"This important book....should significantly influence the study of monasticism in late antiquity."--History: Reviews of New Books
"This important book....should significantly influence the study ofmonasticism in late antiquity."--History: Reviews of New Books
"This well-written book is an important contribution to the study of Egyptian monasticism and Egyptian church history."--Religious Studies Review
"This well-written book is an important contribution to the study ofEgyptian monasticism and Egyptian church history."--Religious StudiesReview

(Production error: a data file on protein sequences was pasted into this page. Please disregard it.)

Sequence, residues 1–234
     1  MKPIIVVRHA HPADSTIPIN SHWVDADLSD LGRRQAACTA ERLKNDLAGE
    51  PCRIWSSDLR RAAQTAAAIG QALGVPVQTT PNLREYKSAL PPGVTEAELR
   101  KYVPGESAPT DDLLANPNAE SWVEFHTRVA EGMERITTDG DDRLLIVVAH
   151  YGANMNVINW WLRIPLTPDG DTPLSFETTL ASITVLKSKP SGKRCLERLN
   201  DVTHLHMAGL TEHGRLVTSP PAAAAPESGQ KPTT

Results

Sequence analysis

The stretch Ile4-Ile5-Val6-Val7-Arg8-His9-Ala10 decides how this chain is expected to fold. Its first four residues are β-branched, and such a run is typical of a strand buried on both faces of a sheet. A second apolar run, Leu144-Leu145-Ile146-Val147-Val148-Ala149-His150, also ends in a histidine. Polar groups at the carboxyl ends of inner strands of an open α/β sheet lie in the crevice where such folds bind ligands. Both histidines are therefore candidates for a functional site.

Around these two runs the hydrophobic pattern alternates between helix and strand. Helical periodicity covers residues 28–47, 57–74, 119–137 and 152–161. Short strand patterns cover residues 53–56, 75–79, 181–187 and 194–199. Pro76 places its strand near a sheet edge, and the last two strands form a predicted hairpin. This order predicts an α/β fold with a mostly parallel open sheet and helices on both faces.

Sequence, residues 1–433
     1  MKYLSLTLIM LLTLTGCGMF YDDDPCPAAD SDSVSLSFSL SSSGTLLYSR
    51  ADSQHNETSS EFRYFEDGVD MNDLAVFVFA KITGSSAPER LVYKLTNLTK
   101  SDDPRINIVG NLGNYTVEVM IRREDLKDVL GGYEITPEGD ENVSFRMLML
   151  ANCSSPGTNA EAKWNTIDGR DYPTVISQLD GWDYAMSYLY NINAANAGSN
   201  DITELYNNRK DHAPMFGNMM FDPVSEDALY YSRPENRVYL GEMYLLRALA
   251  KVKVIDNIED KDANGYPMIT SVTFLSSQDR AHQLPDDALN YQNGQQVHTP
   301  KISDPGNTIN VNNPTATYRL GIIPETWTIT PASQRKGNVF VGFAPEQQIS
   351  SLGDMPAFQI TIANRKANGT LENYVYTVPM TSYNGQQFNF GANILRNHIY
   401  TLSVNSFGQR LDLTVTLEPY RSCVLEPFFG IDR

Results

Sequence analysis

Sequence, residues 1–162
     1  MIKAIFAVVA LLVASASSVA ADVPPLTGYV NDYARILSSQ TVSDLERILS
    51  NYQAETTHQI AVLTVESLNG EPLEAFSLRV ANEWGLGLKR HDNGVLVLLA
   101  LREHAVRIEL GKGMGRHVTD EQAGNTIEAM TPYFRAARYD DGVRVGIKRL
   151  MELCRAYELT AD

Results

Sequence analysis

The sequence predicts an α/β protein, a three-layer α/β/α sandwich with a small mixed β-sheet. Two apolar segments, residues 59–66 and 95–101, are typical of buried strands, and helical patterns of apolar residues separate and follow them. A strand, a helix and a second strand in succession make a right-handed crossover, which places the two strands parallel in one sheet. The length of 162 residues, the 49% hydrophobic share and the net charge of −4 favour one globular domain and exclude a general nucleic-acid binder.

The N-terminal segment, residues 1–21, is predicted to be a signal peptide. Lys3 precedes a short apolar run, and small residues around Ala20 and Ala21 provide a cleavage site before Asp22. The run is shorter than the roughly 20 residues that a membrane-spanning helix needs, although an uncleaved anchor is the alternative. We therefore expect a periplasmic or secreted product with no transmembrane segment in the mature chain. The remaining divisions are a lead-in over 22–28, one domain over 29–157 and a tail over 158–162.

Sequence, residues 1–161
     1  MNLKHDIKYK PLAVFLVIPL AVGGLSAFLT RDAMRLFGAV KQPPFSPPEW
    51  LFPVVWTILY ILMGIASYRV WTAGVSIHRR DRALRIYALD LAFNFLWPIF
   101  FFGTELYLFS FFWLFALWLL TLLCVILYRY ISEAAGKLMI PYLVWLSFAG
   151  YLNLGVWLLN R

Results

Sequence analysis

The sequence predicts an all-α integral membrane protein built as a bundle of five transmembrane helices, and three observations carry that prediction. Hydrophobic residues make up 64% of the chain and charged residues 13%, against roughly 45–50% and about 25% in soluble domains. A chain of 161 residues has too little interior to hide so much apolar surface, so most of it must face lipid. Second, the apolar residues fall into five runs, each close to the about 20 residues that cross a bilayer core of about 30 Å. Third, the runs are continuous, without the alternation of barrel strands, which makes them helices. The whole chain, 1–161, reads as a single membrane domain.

"This well-written book is an important contribution to the study of Egyptian monasticism and Egyptian church history."--Religious Studies Review "A work of painstaking historical reconstruction, this book also offers a sophisticated and original theoretical reading of the way power and gender shaped the life of a particular early Christian monastic community. It is the deft weaving of these two perspectives that makes this work such a valuable contribution to our emerging understanding of ancient Christian monasticism."-- American Benedictine Review "Superior work...one of the best discussions of monastic life and its nuances that I have seen."--David Frankfurter, University of New Hampshire, Author of Religion in Roman Egypt "Under the long tenure of its abbot Shenoute (385-465), the White Monastery grew to become one of the most important centers of monasticism in ancient Egypt, including several thousand monks, both male and female. Yet this dynamic and controversial leader and his many followers remain poorly known and misunderstood among contemporary historians. Rebecca Krawiec's outstanding book gives us intimate access to a community of vibrant ascetic women chafing under the leadership of a stern and irascible man. Making use of newly recovered and untranslated Coptic sources, Krawiec shows how conflicts and negotiations over everyday issues like food and clothing constructed monastic authority, holy space, gender, and family. This gracefully written study will appeal to readers interested in early Christianity, monasticism, late antiquity, and gender studies."--David Brakke, Department of Religious Studies, Indiana University, Author of Athanasius and the Politics of Asceticism